Another worrying development is the “invisible revolving door between Silicon Valley and Washington,” if I may borrow the expression from Evgeny Morozov, as many state department officials are working for Big Web, with four Google employees having gone to work in the Obama administration.
The most recent example is Jared Cohen, the technopragmatist and specialist on the use of technology to advance US interests, counter-terrorism and counter-radicalisation, who served as a member of the secretary of state’s policy planning staff under both the Bush and Obama administrations and has just left the US state department to lead a new division at Google called Google Ideas. Cohen was the same person who intervened in June 2009 to keep Twitter online and delay its scheduled maintenance work in order to keep Iranians tweeting the post-election protests.
Digital activists, especially in the Middle East, are getting increasingly more attention from several US public agencies, associated NGOs, research centres, universities and internet companies.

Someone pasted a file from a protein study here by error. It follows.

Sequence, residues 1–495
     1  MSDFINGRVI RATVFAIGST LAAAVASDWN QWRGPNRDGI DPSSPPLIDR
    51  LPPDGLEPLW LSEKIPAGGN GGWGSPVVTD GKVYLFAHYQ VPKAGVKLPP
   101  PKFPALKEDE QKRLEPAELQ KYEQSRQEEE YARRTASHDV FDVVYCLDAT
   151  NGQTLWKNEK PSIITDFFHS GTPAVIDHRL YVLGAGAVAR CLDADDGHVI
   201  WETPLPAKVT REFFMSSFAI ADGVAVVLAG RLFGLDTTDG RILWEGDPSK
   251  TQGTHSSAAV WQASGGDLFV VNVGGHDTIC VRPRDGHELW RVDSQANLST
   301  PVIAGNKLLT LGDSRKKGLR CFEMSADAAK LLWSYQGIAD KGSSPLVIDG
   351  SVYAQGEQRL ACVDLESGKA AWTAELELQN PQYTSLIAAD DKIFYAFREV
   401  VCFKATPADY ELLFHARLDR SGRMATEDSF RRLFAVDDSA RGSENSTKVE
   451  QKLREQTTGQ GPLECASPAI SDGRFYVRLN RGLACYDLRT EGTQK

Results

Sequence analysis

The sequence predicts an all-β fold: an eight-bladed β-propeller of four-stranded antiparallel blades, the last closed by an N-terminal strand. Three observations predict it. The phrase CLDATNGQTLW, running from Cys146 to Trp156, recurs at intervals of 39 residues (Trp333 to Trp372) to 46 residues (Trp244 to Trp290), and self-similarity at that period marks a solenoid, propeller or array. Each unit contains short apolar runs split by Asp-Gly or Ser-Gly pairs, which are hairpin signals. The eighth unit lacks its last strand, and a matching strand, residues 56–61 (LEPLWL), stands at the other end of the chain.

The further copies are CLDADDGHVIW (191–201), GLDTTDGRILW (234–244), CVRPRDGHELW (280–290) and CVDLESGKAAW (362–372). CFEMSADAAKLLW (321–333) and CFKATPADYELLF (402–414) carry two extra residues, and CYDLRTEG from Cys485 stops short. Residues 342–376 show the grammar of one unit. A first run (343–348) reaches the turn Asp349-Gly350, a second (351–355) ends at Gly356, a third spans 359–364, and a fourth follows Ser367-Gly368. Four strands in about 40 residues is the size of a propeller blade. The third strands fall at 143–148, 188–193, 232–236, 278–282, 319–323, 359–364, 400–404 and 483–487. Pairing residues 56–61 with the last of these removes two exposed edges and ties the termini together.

Many activists and bloggers from the Arab world have been helping research centres, such as Harvard Law School’s Berkman Centre – where they have helped in the translation, navigation, understanding and mapping of the Arab web and blogosphere. Examples of this are the Iranian blogosphere map and Arabic blogosphere map, both produced by John Kelly and Bruce Etling from the Berkman Internet and Democracy Project, which incidentally is sponsored through a grant of $1.5mn from the US department of state’s Middle East Partnership Initiative.
The litany of concerns continues. If we take a closer look at the framing and labeling used by this research we notice a visible focus on the mapping of “extremist”, “terrorist” and “Islamist” voices in the Arab blogosphere – which fits nicely into the modus operandi of the state department – a framework of Orientalising the AME.
Giving focus to such terminology undoubtedly reduces a vibrant community into a body that totally misrepresents its subjects. From a basic cultural viewpoint the AME is a mosaic of divergence – far from the monolith the state department has historically painted it as.
From a personal perspective what worries me more than the age-old practice of the politics of ‘them and us’ or marginalising ‘the other’, is the act of putting the knowledge acquired by global grassroots activists in collaboration with US research centres (and NGOs), into the hands of the policy-oriented DC crowd to foster US interests or cyber warfare in the world.